Disney announced today that their separate media businesses are now being restructured into one subsidiary, focused on Disney+ content.
Announced just today, Disney will officially restructure their entertainment subsidiaries to focus on their streaming services. This is due to the company’s need to consolidate their direct-to-consumer services and grow their market power. Focusing all of their media businesses into one major subsidiary allows Disney to focus on content, ads and their now three streaming services. (Disney+, Hulu, Star)
As many of you may know, the Walt Disney Company has been heavily impacted by the recent COVID pandemic. Their multi-billion dollar theme parks are closed (excluding Walt Disney World), the ESPN subsidiary doesn’t have much content to stream or many people to watch, Disney’s movie business is struggling with theater closures, and so much more.
The only shining star has been Disney’s 11 month baby streaming service, Disney+. While having only been around for 11 months, Disney+ has gained over 60 million subscribers. According to Disney’s own quarterly report in August, the company has 100 million paying subscribers across all of their offerings.
These changed focuses haven’t been Disney exclusive either. Many companies, such as AT&T, ViacomCBS and Comcast have all launched or are focused on streaming options.
While the transition to streaming hasn’t been necessarily very sudden, with the longterm benefits of cable TV slowly declining, the pandemic has done everything in its power to accelerate this change. The cheaper price for streaming combined with vast libraries of content have been very supportive towards its growth.
As expected, the Walt Disney Company has become more reliant on their streaming ventures, including Star, Disney+, and Hulu, simply due to the fact that their cable losses are increasing, and they can’t obtain any revenue from movies either.
With these issues resulting from lost cable revenue and movie revenue, the company has started to either push back major releases or bring them to streaming services. Mulan is a great example, becoming a $30 VOD along the way. Even TV channels, like Fox or the History Channel are coming to Hulu a day after mainstream release.
This method that Disney is using to move towards streaming is allowing the platforms to become the default location for not only movies and TV, but also cable exclusives and cinema exclusives.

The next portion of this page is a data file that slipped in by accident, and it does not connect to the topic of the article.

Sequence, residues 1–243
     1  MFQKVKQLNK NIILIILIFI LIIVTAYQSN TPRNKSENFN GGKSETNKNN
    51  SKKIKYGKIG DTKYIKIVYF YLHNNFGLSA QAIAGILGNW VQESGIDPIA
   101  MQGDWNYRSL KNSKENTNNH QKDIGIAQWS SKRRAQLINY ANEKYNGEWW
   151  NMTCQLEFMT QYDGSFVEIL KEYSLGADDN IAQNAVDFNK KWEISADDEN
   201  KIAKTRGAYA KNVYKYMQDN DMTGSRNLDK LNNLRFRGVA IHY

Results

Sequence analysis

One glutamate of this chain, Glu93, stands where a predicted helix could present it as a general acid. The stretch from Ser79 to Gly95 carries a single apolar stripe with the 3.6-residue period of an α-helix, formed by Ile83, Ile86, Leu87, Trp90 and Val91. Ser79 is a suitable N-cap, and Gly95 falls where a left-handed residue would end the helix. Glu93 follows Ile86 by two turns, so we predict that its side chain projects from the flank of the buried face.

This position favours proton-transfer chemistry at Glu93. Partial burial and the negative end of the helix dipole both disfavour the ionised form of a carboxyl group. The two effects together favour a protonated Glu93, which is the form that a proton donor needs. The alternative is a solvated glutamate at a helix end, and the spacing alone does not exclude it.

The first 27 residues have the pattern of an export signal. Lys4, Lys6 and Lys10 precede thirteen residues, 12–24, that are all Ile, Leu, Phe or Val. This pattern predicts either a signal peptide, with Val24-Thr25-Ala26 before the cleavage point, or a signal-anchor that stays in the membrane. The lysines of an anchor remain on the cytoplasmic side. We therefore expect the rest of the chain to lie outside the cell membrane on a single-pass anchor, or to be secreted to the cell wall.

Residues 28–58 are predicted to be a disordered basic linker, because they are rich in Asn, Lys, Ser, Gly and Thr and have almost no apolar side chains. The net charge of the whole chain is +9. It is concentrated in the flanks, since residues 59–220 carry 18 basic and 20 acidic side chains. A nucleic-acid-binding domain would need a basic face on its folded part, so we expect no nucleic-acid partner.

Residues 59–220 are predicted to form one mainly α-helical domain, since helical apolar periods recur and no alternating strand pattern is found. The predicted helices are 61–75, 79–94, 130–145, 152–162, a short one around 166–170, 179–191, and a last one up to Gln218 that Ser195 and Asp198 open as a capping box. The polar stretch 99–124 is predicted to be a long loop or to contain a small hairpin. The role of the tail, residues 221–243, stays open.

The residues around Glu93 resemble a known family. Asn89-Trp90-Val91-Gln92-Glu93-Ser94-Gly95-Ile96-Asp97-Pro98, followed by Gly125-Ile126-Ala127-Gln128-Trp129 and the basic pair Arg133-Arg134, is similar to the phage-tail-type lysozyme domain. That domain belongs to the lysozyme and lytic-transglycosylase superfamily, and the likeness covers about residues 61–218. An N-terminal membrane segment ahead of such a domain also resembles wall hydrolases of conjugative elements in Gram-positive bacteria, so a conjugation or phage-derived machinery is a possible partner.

A big part of this major restructure is the promotion of Kareem Daniel, the former president of publishing and games within the consumer products division of the Disney Company. Daniel will now be the lead of the new “media and entertainment” distribution group, focusing on growing Disney’s offerings.
Daniel’s new media and entertainment distribution group will also, according to a report by CNBC, “manage all distribution, operations, sales and advertising across the three content groups. Daniel has spent 14 years at with company in a variety of positions. He helped transform Disney’s Star Wars property into the two Star Wars: Galaxy’s Edge lands in Disney World and Disneyland as well as aided in bringing Toy Story Land, Pixar Pier and Avengers Campus to the parks.”
Under Daniel’s leadership, he’ll be responsible for many changes within Disney’s streaming, cable, sports, and theater divisions moving forward.
Given the incredible success of Disney+ and our plans to accelerate our direct-to-consumer business, we are strategically positioning our Company to more effectively support our growth strategy and increase shareholder value,” Chapek said in a statement announcing the reorganization. “Managing content creation distinct from distribution will allow us to be more effective and nimble in making the content consumers want most, delivered in the way they prefer to consume it.”
This quote shows that while the restructuring is significant, much of the Walt Disney Company’s revenue streams will be unaffected, such as with parks, experiences, and products. While much of Disney’s revenue won’t be impacted, it was also mentioned that focusing more investments onto Disney+ and Disney’s DTC business will happen.
This coincides with news, which, just released weeks ago, stated that the company was exploring different price points for Disney+, after “pric(ing) the service at a reasonable and accessible price point.”
This possible price increase would work extremely well with a higher focus on DTC, though with the pandemic, the pricing change might not be great for those struggling.
All in all, the restructuring is happening immediately, and Disney announced that they plan on holding a virtual investor day on the 10th of December, to not only answer new questions about the restructuring, but also for general investor news.